It’s no surprise to me that a number of people I grew up with chose to follow in their parents’ footsteps. After graduating high school, so many of them attended military academies, opted for ROTC, or enlisted. Others I know have since married soldiers, Marines, and sailors. Growing up in a military town laid the foundation for a number of my friends’ adult lives — and I guess I should say mine too.
The military is a lifestyle, and once you’ve experienced it, is almost impossible to leave behind. The friendships you make there are lifelong and survive distance in a way that most relationships can’t. That’s just the culture of the military overall.
Even though Task & Purpose readers voted Norfolk as the worst place in the Navy to be stationed, I find myself missing it often. Regardless of the bad traffic on Military Highway or the extreme flooding when it rains, I’m proud to call Norfolk home, and I couldn’t imagine what life would be like had I not grown up in a military town.
An Austrian soldier was apparently killed by two military working dogs that he was charged with feeding, the Austrian Ministry of Defense announced on Thursday.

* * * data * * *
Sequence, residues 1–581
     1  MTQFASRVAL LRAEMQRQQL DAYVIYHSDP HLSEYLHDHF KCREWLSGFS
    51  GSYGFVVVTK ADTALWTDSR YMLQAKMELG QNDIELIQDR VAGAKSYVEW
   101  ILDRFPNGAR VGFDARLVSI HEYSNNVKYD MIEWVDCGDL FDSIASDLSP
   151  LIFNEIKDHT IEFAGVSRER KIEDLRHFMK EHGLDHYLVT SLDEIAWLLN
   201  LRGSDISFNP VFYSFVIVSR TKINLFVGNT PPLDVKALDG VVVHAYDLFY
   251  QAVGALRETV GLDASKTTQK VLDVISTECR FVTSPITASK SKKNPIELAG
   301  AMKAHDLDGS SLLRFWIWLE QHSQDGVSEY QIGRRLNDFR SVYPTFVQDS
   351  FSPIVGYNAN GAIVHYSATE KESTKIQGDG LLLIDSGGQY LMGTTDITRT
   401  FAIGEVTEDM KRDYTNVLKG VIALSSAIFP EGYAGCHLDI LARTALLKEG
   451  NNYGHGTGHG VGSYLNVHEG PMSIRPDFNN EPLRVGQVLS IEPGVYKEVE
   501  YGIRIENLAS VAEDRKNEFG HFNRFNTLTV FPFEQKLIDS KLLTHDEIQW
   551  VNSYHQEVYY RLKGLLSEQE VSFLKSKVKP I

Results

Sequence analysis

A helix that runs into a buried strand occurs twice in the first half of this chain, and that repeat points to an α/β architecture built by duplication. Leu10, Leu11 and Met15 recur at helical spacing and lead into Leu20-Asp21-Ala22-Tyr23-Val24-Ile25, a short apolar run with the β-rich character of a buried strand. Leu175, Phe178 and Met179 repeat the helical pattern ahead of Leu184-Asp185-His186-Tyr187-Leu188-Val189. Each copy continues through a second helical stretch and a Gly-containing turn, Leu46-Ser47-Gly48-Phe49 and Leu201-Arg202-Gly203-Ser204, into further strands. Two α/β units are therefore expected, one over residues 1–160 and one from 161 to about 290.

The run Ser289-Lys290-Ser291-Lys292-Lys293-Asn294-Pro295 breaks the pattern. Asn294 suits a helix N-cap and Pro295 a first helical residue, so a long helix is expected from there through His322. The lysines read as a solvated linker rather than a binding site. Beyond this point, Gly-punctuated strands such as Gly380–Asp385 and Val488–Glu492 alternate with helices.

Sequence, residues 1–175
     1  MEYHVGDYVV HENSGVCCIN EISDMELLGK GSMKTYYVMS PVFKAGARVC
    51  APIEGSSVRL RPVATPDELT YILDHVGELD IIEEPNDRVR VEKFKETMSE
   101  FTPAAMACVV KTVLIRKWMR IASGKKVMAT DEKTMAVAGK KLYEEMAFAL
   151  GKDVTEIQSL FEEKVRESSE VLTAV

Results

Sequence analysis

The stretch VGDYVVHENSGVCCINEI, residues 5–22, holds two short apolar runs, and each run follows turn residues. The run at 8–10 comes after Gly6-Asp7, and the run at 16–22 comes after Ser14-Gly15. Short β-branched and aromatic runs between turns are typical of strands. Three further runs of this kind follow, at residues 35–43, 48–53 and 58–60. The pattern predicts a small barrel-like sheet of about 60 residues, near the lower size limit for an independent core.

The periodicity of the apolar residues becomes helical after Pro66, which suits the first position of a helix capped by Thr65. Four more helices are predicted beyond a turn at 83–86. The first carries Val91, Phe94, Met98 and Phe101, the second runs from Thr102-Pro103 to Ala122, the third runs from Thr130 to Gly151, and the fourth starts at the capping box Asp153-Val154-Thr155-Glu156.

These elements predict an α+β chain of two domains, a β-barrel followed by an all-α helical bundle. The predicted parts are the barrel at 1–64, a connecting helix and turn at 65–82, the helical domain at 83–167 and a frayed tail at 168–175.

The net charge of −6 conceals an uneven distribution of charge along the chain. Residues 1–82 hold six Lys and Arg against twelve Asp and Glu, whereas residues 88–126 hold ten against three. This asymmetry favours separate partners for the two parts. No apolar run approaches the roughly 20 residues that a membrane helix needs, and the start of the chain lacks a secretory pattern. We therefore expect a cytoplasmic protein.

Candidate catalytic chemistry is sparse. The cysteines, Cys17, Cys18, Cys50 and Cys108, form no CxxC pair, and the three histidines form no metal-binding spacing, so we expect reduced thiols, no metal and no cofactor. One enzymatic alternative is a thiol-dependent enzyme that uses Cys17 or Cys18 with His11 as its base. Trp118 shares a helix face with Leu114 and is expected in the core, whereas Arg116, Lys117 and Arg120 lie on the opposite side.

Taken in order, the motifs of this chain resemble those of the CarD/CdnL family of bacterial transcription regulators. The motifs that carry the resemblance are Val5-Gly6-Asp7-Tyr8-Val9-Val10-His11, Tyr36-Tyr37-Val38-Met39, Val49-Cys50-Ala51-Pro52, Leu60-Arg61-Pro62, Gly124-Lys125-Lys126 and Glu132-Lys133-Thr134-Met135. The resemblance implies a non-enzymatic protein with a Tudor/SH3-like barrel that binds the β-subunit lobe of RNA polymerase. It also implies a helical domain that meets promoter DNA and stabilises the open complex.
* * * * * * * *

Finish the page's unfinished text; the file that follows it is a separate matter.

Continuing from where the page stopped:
She's photographed every major war of the last 20 years. Marine Corps boot camp was something else entirely
Conflict photographer Lynsey Addario has seen a hell of a lot of combat over the past twenty years. She patrolled Afghanistan's Helmand Province with the Marines, accompanied the Army on night raids in Baghdad, took artillery fire with rebel fighters in Libya, and has taken photos in countless other wars and humanitarian disasters around the world.
Along the way, Addario captured images of plenty of women serving with pride in uniform, not only in the U.S. armed forces, but also on the battlefields of Syria, Colombia, South Sudan and Israel. Her photographs are the subject of a new article in the November 2019 special issue of National Geographic, "Women: A Century of Change," the magazine's first-ever edition written and photographed exclusively by women.
The photos showcase the wide range of goals and ideals for which these women took up arms. Addario's work includes captivating vignettes of a seasoned guerrilla fighter in the jungles of Colombia; a team of Israeli military police patrolling the streets of Jerusalem; and a unit of Kurdish women guarding ISIS refugees in Syria. Some fight to prove themselves, others seek to ignite social change in their home country, and others do it to liberate other women from the grip of ISIS.
Addario visited several active war zones for the piece, but she found herself shaken by something much closer to home: the Marine Corps Recruit Depot at Parris Island, South Carolina.
Addario discussed her visit to boot camp and her other travels in an interview with Task & Purpose, which has been lightly edited for length and clarity.